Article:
There is little hope of reconstructing by means of comparative or typological studies a lingua adamica essentially different from present-day languages. The distant preverbal past is however still present in live speech. Phonetic, syntactic and semantic rule transgressions, far from being products of a deficient output, are governed by a universal iconic apparatus, a sort of 'anti-grammar' or 'proto-grammar' which enables the speaker and the poet to express preconscious and subconscious mental contents that could not be conveyed by means of the grammar of any language. Secondary messages, generated by the proto-grammar are integrated into the primary grammatical message. The two messages whose structural and semantic divergence represents a chronological distance of hundreds of thousands of years, constitute a dialectic unity which characterize natural languages. The evolutive approach offers a different, perhaps better understanding of questions related to dynamic synchrony, vocal and verbal style, poetic language, language change.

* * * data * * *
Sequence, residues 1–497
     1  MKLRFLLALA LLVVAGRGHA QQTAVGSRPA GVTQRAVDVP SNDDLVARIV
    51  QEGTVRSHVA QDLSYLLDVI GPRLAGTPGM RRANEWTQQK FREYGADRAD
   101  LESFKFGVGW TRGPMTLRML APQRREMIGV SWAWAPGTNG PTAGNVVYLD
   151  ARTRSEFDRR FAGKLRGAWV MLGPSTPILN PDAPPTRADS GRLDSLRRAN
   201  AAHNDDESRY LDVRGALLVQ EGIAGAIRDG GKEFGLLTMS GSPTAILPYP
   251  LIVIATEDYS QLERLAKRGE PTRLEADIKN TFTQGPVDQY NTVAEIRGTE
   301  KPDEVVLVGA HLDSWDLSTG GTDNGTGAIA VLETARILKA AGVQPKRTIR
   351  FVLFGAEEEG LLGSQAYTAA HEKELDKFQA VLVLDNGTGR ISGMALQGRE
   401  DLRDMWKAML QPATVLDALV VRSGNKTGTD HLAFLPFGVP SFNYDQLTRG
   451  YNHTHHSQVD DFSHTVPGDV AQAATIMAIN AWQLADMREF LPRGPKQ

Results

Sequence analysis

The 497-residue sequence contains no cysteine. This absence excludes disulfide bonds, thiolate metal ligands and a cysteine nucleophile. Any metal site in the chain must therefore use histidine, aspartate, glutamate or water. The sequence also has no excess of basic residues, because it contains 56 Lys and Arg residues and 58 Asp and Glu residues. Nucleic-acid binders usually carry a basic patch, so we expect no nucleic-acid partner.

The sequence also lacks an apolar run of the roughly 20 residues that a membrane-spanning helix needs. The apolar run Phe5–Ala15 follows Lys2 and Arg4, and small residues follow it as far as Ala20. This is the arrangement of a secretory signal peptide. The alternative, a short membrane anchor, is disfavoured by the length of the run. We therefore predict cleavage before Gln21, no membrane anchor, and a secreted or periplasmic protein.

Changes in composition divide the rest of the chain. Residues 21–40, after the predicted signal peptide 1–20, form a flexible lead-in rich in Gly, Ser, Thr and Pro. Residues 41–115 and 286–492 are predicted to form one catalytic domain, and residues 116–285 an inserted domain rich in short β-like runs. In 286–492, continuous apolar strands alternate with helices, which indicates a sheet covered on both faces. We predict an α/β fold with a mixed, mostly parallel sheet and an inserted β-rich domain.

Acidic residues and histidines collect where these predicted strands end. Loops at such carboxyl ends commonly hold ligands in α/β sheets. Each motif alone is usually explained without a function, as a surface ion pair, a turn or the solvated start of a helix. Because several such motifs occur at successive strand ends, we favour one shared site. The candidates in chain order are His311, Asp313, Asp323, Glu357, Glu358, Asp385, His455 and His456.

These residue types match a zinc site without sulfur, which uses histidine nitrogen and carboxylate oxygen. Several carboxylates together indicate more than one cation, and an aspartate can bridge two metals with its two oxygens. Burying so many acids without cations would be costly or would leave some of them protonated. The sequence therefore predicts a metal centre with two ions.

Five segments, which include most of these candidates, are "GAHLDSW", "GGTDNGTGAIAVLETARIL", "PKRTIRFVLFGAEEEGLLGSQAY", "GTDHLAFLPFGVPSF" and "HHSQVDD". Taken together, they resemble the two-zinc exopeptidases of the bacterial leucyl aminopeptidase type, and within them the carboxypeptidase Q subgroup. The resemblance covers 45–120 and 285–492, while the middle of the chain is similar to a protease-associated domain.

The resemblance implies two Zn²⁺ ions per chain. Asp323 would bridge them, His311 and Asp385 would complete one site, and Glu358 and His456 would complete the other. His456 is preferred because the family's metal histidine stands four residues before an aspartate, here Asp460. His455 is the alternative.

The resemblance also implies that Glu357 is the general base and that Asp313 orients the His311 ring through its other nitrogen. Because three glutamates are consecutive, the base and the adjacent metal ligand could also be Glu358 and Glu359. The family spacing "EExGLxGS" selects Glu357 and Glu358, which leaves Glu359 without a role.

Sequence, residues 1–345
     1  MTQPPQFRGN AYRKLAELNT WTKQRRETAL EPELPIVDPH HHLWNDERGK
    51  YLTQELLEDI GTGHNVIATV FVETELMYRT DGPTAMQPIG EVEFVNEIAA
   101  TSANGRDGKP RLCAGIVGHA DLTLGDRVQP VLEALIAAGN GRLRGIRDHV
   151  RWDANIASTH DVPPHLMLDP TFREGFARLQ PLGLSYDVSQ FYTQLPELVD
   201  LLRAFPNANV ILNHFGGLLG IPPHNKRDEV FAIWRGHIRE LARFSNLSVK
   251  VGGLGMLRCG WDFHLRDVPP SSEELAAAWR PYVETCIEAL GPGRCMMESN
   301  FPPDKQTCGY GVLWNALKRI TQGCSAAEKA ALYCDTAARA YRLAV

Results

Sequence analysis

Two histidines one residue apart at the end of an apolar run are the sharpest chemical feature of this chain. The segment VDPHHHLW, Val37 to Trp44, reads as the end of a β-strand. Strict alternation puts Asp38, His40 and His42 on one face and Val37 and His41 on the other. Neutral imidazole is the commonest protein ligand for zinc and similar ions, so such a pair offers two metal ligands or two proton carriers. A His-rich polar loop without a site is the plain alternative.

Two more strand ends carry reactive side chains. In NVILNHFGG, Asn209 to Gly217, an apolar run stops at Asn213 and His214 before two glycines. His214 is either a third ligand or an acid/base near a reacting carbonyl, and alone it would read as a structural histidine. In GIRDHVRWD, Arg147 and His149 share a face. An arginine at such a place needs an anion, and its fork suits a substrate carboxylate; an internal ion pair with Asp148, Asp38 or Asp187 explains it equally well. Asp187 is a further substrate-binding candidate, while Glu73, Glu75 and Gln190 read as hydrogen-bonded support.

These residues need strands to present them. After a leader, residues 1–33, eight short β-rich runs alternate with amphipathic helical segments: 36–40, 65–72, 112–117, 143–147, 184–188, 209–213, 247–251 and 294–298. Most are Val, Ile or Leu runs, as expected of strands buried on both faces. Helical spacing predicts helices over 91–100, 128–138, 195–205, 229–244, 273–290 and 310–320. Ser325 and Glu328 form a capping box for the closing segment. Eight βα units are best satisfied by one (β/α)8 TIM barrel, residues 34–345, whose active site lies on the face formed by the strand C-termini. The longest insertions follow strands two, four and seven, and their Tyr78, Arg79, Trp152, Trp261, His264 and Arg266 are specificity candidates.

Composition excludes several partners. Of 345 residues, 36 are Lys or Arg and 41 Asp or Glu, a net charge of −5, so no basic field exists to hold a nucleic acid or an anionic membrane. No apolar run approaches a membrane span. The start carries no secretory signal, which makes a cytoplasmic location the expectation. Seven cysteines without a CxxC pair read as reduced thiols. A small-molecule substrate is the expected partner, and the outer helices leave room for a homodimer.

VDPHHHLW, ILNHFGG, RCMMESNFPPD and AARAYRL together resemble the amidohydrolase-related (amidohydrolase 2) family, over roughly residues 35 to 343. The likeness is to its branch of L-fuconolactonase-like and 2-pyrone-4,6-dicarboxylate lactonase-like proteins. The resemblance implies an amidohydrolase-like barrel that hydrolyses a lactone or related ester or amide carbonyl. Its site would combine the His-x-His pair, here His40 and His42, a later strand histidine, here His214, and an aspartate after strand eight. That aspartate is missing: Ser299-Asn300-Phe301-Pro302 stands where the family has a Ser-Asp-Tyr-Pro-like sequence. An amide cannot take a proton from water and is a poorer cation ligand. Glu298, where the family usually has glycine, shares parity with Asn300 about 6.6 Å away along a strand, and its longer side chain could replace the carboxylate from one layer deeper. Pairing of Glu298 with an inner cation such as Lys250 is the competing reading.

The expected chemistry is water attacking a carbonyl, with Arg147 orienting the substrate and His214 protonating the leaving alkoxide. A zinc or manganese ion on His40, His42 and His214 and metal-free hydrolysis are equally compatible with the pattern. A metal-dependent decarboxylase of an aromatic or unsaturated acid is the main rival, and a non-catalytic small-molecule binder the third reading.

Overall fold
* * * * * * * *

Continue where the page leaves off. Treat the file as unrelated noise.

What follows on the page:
Chapters on: Diversity of the lexicon - Dual encoding: vocal style -
Syntactic gesturing - Syntactic regressions - Prosodic expression of emotions
- Poetry and vocal art - Situation and meaning - A hidden presence: verbal
magic - Playing with language: joke and metaphor - Metaphor: a research
instrument - Dynamics of poetic language - Semantic structure of possessive
constructions - Semantic structure of punctuation marks - Why gestures?
- Between acts and words - Language within language: dynamics, change
Maintained by Francis F. Steen, Communication Studies, University of California Los Angeles